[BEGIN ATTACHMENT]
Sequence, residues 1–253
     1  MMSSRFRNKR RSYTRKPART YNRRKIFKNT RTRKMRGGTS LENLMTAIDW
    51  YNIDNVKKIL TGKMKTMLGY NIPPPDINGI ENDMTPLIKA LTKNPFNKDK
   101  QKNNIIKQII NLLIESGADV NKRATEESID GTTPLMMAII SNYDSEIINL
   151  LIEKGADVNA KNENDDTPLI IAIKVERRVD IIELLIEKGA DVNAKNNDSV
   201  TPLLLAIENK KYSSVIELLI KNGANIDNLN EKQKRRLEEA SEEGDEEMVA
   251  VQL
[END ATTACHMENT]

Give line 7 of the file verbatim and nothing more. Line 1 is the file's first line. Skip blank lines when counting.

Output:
   251  VQL